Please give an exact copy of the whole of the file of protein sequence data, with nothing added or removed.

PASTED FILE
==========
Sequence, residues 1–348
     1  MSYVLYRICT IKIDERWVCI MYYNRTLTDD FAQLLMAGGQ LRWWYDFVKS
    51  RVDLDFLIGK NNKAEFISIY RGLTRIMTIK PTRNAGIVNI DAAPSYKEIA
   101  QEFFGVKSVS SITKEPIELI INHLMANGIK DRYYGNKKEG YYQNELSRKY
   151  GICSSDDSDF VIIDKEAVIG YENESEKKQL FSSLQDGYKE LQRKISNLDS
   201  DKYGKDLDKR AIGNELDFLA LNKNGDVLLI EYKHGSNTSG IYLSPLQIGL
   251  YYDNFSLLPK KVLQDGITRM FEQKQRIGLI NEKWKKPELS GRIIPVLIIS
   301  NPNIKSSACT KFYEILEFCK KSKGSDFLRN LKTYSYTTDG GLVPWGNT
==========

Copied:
Sequence, residues 1–348
     1  MSYVLYRICT IKIDERWVCI MYYNRTLTDD FAQLLMAGGQ LRWWYDFVKS
    51  RVDLDFLIGK NNKAEFISIY RGLTRIMTIK PTRNAGIVNI DAAPSYKEIA
   101  QEFFGVKSVS SITKEPIELI INHLMANGIK DRYYGNKKEG YYQNELSRKY
   151  GICSSDDSDF VIIDKEAVIG YENESEKKQL FSSLQDGYKE LQRKISNLDS
   201  DKYGKDLDKR AIGNELDFLA LNKNGDVLLI EYKHGSNTSG IYLSPLQIGL
   251  YYDNFSLLPK KVLQDGITRM FEQKQRIGLI NEKWKKPELS GRIIPVLIIS
   301  NPNIKSSACT KFYEILEFCK KSKGSDFLRN LKTYSYTTDG GLVPWGNT